quite marvellous is happening across the UK this spring. At nine o’clock on
Sunday evenings, an estimated nine million of us are sitting down in front of LineOf Duty—and revisiting it at the water cooler on Monday morning.
literally, of course. Anyone who is employed in the kind of workplace that has
a water cooler is still working from home. But Line Of Duty is a prime
example of the water cooler phenomenon, that shared experience so powerful it
spills over into our everyday lives. Thanks to social media we don’t need to
wait until Monday morning, we don’t need to wait at all. On the other hand, we
are made to wait a full week for the story to be carried on. This feels almost
counter-intuitive at a time when so many of us have turned to streaming on
demand to get through lockdown (Jo and I watched all eight series of French
drama Spiral between Christmas and Easter). And yet that water cooler
phenomenon relies on it, on a necessary mass of us watching this together in
time, even if others will be catching up later.
a world of engaging at our own convenience, we are reminded of our need for a
collective experience—and one with drama, and a good measure of confounding
mystery, and a cliff-hanger to boot.
is much to reflect on here, as one called to curate the things, the good news,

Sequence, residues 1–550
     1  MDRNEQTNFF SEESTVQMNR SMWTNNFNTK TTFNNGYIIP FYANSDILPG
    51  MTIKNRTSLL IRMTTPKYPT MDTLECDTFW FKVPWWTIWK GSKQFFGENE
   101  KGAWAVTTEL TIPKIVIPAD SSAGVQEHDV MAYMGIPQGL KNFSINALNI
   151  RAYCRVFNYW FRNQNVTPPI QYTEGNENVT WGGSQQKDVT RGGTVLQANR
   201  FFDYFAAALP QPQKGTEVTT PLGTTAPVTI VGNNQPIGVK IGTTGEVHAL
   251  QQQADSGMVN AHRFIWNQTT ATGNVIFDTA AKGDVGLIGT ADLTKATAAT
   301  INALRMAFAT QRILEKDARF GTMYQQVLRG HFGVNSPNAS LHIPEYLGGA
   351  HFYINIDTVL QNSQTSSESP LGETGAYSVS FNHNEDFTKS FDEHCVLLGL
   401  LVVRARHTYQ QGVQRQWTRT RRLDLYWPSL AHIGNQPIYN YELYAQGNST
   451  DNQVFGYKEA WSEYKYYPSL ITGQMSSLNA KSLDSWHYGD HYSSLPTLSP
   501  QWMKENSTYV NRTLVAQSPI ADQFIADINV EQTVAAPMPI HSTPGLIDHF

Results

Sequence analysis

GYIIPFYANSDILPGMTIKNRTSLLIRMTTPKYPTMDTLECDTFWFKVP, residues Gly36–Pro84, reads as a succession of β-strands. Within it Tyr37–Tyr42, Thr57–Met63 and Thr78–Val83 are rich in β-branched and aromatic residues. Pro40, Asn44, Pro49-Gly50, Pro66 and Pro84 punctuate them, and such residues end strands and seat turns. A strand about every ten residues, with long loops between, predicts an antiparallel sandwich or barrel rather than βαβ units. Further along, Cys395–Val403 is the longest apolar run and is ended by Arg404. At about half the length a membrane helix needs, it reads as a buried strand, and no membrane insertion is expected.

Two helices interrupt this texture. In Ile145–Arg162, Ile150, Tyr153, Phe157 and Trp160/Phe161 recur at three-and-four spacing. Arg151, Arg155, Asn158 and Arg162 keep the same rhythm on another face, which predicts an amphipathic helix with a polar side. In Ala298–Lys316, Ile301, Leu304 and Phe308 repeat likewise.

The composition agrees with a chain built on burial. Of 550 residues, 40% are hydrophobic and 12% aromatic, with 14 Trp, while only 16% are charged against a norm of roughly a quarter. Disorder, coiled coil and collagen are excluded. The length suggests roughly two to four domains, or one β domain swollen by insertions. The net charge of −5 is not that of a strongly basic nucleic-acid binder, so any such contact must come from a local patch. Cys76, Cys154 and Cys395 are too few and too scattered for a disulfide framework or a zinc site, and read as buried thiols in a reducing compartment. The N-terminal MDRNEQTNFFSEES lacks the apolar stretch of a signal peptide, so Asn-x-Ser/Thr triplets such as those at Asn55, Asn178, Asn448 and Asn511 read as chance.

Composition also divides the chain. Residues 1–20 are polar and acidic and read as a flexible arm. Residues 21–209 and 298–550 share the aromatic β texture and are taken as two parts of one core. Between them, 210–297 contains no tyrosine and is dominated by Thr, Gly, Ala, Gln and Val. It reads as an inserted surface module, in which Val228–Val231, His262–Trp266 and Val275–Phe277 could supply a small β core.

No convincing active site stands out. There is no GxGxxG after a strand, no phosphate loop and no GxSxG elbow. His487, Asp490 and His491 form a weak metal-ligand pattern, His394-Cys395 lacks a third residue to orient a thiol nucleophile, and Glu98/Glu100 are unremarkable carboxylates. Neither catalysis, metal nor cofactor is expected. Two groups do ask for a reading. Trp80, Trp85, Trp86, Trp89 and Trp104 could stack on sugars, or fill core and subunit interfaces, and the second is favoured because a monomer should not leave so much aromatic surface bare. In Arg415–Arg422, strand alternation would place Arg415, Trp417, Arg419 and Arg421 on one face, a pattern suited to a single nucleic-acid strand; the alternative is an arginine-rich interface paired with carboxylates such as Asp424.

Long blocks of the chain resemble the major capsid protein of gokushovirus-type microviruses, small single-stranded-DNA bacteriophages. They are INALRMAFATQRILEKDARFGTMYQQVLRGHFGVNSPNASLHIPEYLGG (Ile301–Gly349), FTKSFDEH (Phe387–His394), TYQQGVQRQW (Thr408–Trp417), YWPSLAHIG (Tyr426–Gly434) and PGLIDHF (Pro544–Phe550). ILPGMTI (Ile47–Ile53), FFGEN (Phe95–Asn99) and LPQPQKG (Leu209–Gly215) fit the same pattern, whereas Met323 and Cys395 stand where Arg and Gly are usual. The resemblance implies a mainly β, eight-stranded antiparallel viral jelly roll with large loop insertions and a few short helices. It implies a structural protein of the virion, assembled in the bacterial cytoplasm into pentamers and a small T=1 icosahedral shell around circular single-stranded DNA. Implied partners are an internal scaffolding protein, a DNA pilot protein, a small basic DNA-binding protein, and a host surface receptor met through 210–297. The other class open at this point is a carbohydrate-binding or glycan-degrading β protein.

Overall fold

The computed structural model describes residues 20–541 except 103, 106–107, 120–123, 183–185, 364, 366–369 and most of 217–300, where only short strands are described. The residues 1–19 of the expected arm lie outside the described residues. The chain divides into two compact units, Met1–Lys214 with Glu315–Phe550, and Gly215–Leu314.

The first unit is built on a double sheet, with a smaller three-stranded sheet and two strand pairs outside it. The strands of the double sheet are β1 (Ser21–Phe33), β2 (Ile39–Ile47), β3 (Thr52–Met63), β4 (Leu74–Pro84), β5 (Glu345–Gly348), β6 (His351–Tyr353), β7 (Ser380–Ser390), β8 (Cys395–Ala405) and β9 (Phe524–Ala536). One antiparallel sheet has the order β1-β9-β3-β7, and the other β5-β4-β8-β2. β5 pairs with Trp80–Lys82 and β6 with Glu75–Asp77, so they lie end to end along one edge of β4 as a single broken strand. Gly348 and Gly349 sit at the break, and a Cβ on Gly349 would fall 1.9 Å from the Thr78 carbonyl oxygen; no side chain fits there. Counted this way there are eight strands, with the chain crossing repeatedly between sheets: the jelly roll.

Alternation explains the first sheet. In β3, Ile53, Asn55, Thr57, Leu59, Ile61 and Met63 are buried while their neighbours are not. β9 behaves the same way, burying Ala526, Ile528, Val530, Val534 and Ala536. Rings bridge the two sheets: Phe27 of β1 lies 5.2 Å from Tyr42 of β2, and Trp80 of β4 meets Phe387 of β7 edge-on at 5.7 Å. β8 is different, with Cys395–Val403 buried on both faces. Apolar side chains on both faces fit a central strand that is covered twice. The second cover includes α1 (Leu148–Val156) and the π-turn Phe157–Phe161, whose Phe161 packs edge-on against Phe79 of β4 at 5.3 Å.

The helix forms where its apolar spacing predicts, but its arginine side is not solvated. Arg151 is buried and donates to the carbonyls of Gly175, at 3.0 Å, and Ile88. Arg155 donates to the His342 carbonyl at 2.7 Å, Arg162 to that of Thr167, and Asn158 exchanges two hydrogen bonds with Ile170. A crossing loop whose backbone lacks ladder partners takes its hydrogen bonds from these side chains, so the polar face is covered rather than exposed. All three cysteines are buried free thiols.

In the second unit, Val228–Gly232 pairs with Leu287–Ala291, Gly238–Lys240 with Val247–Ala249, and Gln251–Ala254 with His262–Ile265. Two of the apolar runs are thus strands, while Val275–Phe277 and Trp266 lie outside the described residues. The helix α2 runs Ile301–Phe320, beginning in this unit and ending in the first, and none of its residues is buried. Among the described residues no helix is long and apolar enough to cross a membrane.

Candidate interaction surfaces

of God—to present the gospel afresh in each generation, within and beyond the
joy of shared familiar liturgy (in the case of LOD, technical policing terms in
general, and Ted Hastings’ Ted-isms in particular);
appreciation that not knowing what is going on, indeed not having a clue, is
not necessarily a barrier but can in fact be a positive, where we are drawn
deeper into mystery;
central importance to our wellbeing of experience shared in time with other
forensic attention to our motivations and behaviour, with brutal honesty and
some wisdom as to how much to share with whom;
kind of conclusion to our shared hour that propels us back out into the world
wondering how things will unfold, and buzzing with our thoughts, our personal
investment, to share.
is not that church (or, more significantly, the gospel) is, or ought to be,
like watching Line Of Duty. It is not that those who like LOD might like
church. It is simply that those who believe in something greater than the
welcome distraction of a good tv drama might have more questions to ponder than
easy answers. Something quite marvellous is happening across the UK this
spring. Those with eyes to see, take note.